Some years ago my kids got me a world globe for Christmas. It’s really large, like you might see in a library and it rotates in a stand. Sometimes I put my hand on it and pray. I looked over at it while writing this and thought I need to do that again. I pray for this world daily anyway, but sometimes it helps to turn the globe back and forth and around and think about all the countries and peoples that need God. As I’ve said, I’ve isolated myself because of the COVID-19 pandemic, but I have nothing to complain about. Here I am warm and cozy, listening to slow jazz music and contemplating life. A little later I’ll be putting together a meatloaf that will last me several days. The majority of people in this world are lacking enough food and clean water just to survive. And what about all the refugees from war-torn areas trying to find safety for their families, or even closer to home, the homeless who live under our bridges and sleep on park benches in all kinds of weather. These people are already suffering and now this. Lord, have mercy!
How are you? I hope okay in the midst of the ongoing health crisis. As we’ve all heard our medical personnel and health experts are asking us to stay home. As I’m on the most susceptible list, I’ve decided to isolate myself from large gatherings for now. I’m really going to miss seeing my church family every week. (Our pastor has canceled services and is sharing messages online.) Also, I’m not meeting my friends for our weekly get-togethers at local restaurants. That’s going to be hard too. But, you know, it would be a lot harder being exposed and learning you’ve spread it to your family and friends. No, I’m not panicking. I haven’t hoarded paper products or food. I have enough to last for a few weeks and I can always order online. After all, I’m just being asked to stay out of crowds. Our police, military, medical and other service providers can’t do that, bless their hearts, but I can.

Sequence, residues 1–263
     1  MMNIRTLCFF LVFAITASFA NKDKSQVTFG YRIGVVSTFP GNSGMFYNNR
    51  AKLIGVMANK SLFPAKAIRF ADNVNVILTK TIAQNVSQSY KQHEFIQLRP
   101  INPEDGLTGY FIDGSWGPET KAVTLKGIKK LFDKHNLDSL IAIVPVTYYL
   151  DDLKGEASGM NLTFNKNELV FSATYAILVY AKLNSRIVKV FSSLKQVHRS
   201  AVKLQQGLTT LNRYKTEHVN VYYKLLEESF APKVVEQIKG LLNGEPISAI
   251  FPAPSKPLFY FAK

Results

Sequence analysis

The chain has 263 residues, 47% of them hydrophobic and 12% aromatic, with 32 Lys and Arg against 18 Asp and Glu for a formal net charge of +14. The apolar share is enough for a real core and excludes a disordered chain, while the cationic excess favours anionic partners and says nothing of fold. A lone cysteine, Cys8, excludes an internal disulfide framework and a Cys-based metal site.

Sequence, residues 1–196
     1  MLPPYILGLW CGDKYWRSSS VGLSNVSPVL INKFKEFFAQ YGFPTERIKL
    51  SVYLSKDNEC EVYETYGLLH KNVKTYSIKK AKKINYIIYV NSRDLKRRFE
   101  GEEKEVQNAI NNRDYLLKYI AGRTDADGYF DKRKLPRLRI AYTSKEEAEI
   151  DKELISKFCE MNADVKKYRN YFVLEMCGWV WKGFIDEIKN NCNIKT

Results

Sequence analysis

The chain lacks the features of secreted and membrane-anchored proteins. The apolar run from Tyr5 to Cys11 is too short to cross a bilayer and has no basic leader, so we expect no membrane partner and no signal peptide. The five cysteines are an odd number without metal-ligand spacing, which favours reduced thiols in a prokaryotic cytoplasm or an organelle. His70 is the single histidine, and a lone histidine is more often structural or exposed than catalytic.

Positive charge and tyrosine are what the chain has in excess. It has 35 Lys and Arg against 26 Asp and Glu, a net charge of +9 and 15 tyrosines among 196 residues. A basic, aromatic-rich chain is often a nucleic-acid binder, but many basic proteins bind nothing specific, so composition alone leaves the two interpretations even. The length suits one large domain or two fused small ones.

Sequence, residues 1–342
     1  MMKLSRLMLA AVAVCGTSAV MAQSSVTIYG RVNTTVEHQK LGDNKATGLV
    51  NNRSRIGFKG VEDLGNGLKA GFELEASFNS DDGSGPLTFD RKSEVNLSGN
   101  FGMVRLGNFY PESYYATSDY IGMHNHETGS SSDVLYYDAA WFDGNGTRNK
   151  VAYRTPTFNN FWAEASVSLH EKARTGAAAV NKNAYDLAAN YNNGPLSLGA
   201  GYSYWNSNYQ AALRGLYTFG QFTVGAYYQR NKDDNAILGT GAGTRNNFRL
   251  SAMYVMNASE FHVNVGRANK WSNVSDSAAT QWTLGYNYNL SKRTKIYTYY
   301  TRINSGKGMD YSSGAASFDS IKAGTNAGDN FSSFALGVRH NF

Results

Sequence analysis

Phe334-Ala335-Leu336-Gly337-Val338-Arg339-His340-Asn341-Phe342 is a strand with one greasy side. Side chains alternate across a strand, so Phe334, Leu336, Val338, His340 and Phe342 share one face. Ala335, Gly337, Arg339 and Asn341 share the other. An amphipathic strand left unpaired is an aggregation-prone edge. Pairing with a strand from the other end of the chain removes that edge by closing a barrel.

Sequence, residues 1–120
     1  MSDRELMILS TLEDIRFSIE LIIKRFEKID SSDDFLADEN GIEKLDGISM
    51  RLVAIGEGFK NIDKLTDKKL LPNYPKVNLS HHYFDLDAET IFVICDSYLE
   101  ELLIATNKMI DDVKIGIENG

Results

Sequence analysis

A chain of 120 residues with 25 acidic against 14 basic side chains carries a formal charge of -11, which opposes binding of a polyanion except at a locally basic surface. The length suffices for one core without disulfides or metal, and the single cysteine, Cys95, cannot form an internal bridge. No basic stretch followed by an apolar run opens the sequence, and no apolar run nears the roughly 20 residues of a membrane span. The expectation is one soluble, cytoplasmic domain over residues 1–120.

An article in the latest Christianity Today sparked a thought. It referred to the Old Testament prophet Daniel’s prayer in Daniel 9. Though Daniel had lived righteously, in the service of a pagan king for many years, he prayed for his people using we, not they. “We have sinned and done wrong. We have been wicked and have rebelled….” Daniel was not at fault personally. He stayed faithful to God under the most trying circumstances. (Think hungry lions!) The article was about our taking responsibility for the faults of the entire church and all praying together for God’s mercy, even if we’re not the guilty parties. What if we applied this advice to our world, our country, our friends and our families. What if we, like Daniel, took responsibility and prayed and fasted for all, not pointing fingers and distancing ourselves from those who have wronged us or don’t agree with us. What a different world it would be. What if.